Updated: Oct 28, 2020
“A strong woman stands up for herself. A stronger woman stands up for everybody else.” – Unknown
She was waiting for me under a railway bridge in a silent part of Central Delhi, an area only passed by speeding vehicles once daylight was gone. As I sat inside her car, I realised she was listening to someone intently, the way I listen to her whenever she talks. After 20 minutes she finished the call and paused for a moment. And that is all it took, one moment, for her to come back to our task at hand- planning a giveaway purchase.
“I want to keep the children warm. Most of them don’t have a jacket in this weather. Let’s take our time and arrange sports uniforms for them, even if it’s after Christmas” I had never heard anyone lobby needs and want of underprivileged children to me in such a decisive manner.
The reality of Indian urban and rural poor wasn’t lost on me, but somehow knowing that I now have the power to make even a dismal of change made my heart sigh happily.
Conversations with Mrs. Rakhi Gibrani (or Rakhi ma’am as I call her) are always filled with ideas and solutions. That evening, as we talked about experiential learning and digital literacy while racing down to the destination- we lost track of time. By the time we reached, shops were closed. I was disappointed. What a waste of time, I thought. Somehow she was unaffected. Like she had practiced this moment a hundred times, like she had made enough failed trips while discussing revolutionary reforms. Like they say- Failure brings strength of character. Her strength can be seen in these moments of invincible optimism.
Rakhi ma’am is an educator, coder and social worker. She has 20 years of experience in the world of education. She is also the founder and director of an exceptional NGO- Navyug. Navyug translates to “new era”. The organization has four centers in and around Delhi. Children studying here are of economically and socially overlooked backgrounds. Each child is examined for possibilities and skills. They get admitted into programs that suit them best.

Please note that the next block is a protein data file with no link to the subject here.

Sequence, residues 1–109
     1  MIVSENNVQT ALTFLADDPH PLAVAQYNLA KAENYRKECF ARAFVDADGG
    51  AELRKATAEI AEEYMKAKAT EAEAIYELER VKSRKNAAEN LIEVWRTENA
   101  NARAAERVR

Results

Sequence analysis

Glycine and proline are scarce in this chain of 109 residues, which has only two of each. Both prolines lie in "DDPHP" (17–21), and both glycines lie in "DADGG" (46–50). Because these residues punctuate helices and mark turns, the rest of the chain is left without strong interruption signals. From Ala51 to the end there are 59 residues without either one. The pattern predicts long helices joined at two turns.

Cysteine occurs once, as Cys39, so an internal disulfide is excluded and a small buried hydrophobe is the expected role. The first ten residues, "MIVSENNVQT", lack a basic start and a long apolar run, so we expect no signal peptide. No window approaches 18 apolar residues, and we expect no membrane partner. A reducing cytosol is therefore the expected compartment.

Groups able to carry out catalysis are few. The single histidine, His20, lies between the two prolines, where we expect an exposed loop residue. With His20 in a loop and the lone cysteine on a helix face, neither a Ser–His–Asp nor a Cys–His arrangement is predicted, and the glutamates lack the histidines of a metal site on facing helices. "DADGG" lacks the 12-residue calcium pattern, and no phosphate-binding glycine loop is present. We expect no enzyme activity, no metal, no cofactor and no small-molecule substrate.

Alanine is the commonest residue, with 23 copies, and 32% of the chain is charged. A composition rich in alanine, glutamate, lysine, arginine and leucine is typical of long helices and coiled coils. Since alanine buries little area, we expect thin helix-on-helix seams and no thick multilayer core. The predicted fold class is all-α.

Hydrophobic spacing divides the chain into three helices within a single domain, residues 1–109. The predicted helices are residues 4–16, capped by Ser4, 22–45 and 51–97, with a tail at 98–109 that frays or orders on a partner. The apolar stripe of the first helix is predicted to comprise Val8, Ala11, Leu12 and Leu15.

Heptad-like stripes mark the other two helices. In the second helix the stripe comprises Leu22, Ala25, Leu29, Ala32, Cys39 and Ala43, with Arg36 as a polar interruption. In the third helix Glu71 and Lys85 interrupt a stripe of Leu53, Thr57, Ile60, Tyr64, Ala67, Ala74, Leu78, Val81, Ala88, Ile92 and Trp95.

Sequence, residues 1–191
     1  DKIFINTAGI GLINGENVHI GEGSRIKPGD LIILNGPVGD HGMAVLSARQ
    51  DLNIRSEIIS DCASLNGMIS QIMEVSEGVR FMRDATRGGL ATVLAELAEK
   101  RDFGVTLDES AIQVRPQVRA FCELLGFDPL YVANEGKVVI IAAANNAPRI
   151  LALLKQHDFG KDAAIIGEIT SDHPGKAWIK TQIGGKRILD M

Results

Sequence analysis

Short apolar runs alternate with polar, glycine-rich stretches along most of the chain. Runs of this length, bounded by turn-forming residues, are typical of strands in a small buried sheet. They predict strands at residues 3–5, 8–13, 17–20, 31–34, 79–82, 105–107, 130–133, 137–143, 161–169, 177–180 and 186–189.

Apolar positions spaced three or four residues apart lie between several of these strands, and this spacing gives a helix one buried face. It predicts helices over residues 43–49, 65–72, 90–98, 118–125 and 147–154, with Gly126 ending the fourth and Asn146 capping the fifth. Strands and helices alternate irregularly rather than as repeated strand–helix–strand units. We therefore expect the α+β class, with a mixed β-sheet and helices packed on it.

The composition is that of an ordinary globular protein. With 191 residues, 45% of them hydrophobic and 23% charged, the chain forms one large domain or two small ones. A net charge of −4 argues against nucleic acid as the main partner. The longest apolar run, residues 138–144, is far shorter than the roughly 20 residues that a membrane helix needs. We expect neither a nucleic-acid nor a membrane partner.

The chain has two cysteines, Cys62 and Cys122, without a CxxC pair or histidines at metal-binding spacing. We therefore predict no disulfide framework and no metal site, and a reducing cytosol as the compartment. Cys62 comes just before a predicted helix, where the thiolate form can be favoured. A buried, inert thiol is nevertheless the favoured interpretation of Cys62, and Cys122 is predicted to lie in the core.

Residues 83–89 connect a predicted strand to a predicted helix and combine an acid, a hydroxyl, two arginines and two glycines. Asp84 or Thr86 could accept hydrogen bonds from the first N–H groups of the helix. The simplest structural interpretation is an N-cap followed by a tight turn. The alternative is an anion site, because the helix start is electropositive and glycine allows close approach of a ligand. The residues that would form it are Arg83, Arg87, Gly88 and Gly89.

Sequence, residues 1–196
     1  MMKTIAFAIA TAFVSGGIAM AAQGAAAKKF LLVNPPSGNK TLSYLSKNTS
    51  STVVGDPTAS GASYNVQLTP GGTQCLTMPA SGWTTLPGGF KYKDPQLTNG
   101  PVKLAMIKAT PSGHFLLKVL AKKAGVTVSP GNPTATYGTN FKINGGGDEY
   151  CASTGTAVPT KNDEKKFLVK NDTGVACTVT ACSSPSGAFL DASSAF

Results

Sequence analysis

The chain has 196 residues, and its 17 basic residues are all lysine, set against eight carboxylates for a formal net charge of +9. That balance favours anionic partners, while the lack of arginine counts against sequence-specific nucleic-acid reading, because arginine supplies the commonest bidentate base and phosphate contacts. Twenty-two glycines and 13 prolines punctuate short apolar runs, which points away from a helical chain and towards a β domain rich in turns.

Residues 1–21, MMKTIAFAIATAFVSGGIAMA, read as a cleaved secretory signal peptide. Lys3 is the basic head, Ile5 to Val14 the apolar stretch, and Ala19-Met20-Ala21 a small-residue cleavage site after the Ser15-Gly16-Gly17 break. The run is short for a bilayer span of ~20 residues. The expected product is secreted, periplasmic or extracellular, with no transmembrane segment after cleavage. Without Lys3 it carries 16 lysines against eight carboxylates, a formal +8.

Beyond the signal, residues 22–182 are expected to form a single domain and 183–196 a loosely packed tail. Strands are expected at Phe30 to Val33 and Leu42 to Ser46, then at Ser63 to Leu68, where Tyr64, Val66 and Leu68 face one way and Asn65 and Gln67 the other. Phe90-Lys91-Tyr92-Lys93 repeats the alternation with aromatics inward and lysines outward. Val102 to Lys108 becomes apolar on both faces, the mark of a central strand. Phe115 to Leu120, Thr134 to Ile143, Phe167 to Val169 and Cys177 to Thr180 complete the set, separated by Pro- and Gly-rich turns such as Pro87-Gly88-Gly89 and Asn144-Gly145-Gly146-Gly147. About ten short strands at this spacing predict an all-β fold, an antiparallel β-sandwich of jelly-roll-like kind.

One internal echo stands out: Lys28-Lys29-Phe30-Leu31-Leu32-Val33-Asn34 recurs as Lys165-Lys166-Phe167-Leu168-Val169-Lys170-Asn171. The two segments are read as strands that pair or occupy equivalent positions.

“My aim is to raise the chance my children have at having a better life. I want to make them employable in the most efficient way, by teaching them something they love to learn.”
Our upcoming project with Navuyg will be of Digital Literacy. She wants to create a wave of digital awareness and knowledge in the lives of children from rural Haryana, giving them a window to the endless world of opportunities. Traditionally rural children end up applying for government jobs that more often than not, aren’t suitable for their skills.
Every time I meet her, she treats me to tea and food, introduces me to new children and colleagues in a different part of her wonderfully shapeless world.
She talks about the influence of a saint her family follows, on her ideology about life and work. Dharam Dev ji, respectfully called Guruji - is one of those saints who believe in reaching god through work. Rakhi ma’am believes she is merely implementing his teaching in her own life, having grown up watching his selfless work for hundreds of underprivileged people around India.
Being a woman entrepreneur with a full time job and a traditional motherly role in India is as courageous as waiting for someone under a railway bridge after daylight. She has been strong enough to ace it all.
Did it take sacrifices? “Of course” “Is she willing to stop?” “Never”